Nov 30, 2020  
2020-2021 Catalog 
    
2020-2021 Catalog

Environmental Science & Resource Management


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Today’s environmental problems call for individuals educated in more than one traditional discipline. Environmental professionals need both well-honed technical skills and deep awareness of the political, economic, and social dimensions of environmental challenges. The Bachelor of Science in Environmental Science & Resource Management (ESRM) merges core training in physical, biological, social, and data sciences with a wide array of traditional and emerging management tools designed to reduce adverse environmental impacts and foster well-functioning, more sustainable ecosystems.

In the narrowest sense, Environmental Science quantifies the impact of humans upon physical and biological systems, and measures the dependence of human systems upon natural resources. More broadly, Environmental Science explores the interaction and co-evolution of human, physical, and biological systems and, therefore, requires integral knowledge of both natural (physical and biological systems) and social (economic, political, etc. systems) science. Resource Management is concerned with deploying the most effective means to avoid damaging our environment and sustainably using natural resources within the context of social institutions. Effective Resource Management considers benefits and costs, uncertainties and risks, limits of knowledge, institutional constraints, and social and political realities. Traditionally, Environmental Science has been presented as a distinct endeavor, mostly unrelated to Resource Management. ESRM braids these two into a single academic program to better prepare students to document, understand, and provide practical solutions to existing environmental challenges.

ESRM majors choose a course of study emphasizing either 1) Earth Systems or 2) Marine and Coastal Systems. All students take identical foundational courses before enrolling in upper division coursework and electives based upon their emphasis. Earth Systems graduates are prepared to explore and respond to challenges across an array of global and terrestrial systems (water, land, or ecological). Marine and Coastal Systems graduates are equipped to manage and conserve coastal and offshore systems (estuaries, beaches, oceanic processes, fish populations, etc.). Regardless of emphasis, all students graduate with practical field, geospatial, and community-based research experience, as well as the ability to understand and meaningfully engage diverse stakeholders.

Students interested in entering the environmental consulting or monitoring industries may complete an optional certificate in Environmental Technologies wherein they can further advance their geospatial, drone, remotely operated vehicle, and/or remote sensing skills beyond the foundations afforded in the B.S. in ESRM curriculum.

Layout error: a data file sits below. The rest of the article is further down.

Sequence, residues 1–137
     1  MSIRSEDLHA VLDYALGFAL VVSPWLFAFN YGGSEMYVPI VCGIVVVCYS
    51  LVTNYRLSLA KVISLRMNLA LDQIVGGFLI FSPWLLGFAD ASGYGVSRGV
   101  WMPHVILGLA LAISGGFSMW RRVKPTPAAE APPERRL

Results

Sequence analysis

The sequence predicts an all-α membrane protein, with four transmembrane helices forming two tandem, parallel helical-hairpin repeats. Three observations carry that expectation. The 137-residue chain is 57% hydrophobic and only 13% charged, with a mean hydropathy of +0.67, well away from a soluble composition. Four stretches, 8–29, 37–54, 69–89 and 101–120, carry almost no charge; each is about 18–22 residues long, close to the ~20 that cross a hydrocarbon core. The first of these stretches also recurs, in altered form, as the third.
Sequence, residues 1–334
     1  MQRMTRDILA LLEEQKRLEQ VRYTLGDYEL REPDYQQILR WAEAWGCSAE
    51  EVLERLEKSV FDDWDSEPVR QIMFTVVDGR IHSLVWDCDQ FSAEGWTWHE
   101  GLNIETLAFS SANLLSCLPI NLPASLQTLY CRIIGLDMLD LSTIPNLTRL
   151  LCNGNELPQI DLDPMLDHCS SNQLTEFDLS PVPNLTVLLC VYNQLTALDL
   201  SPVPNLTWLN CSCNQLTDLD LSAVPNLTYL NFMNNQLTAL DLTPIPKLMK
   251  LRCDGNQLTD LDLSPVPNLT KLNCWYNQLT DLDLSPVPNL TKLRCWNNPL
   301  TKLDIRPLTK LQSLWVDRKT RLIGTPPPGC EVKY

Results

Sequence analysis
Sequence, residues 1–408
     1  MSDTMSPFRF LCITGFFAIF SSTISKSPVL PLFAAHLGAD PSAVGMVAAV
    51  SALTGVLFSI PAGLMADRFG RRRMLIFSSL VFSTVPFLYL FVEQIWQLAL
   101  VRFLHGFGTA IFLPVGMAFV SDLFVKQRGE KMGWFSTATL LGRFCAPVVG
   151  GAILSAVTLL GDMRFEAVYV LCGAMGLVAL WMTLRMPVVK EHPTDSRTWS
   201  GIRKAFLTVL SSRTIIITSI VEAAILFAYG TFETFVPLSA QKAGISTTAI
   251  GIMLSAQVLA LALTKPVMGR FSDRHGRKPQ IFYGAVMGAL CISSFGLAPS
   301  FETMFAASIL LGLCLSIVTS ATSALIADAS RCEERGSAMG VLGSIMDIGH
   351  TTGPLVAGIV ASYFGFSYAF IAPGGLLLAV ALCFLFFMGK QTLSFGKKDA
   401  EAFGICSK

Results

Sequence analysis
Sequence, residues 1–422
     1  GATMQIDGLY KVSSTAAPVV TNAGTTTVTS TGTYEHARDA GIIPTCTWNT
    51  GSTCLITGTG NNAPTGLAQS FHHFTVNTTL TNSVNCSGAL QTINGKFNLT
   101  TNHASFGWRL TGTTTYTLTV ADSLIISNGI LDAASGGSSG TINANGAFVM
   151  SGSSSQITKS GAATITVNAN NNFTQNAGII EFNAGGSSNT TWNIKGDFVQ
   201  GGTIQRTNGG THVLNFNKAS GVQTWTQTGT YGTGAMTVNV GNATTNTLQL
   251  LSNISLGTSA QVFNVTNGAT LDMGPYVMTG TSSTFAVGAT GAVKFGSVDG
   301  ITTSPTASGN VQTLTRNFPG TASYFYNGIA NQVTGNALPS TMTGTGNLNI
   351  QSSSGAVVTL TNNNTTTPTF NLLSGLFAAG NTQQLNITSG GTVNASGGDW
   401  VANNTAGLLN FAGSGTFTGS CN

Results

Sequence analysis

Careers

The ESRM curriculum prepares students for a range of professional environmental careers across industry, government, and non-profit organizations as well as for subsequent graduate study. Popular career pathways include environmental consultant, restoration ecologist, park ranger, GIS technician, policy analyst, hydrologist, environmental educator, urban planner, environmental impact analyst, environmental compliance, and sustainability officer.

Program Learning Outcomes

Students graduating from the ESRM program will be able to:

  • Identify the scientific, social scientific, and humanistic aspects of environmental issues;
  • Identify, locate, evaluate, synthesize, and present current research and information on environmental issues;
  • Define environmental problems from the perspectives of both environmental science and resource management;
  • Identify possible causes and propose solutions to environmental problems from the perspectives of both environmental science and resource management;
  • Evaluate proposed solutions to environmental problems from the perspectives of both environmental science and resource management;
  • Use the methodologies of the natural and social sciences to formulate testable hypotheses concerning environmental problems and issues;
  • Collect, organize, analyze, interpret, and present quantitative and qualitative data; and
  • Make use of current, technological tools in the collection, organization, analysis, and interpretation of data.

Faculty

Sean Anderson, Ph.D.
Professor and Program Chair, Environmental Science & Resource Management
Bell Tower West, Room 1265
(805) 437-8984
sean.anderson@csuci.edu

Donald Rodriguez, Ph.D.
Professor, Environmental Science & Resource Management
Academic Advisor
Bell Tower West, Room 1205
(805) 437-8494
donald.rodriguez@csuci.edu

Emily Fairfax, Ph.D.
Assistant Professor, Environmental Science & Resource Management
Bell Tower West, Room 1245
(805) 437-8603
emily.fairfax@csuci.edu

Kiki Patsch, Ph.D.
Assistant Professor, Environmental Science & Resource Management
Bell Tower West, Room 1191
(805) 437-2696
kiki.patsch@csuci.edu

Dan Reineman, Ph.D.
Assistant Professor, Environmental Science & Resource Management
Bell Tower West, Room 1176
(805) 437-2079
dan.reineman@csuci.edu

Clare Steele, Ph.D.
Assistant Professor, Environmental Science & Resource Management
Bell Tower West, Room 1181
(805) 437-1686
clare.steele@csuci.edu

 

Contact Information

http://esrm.csuci.edu/

Programs

    Major(s)Major(s) - AA/AS-T (TMC) Degrees OnlyMinor(s)Certificate(s)

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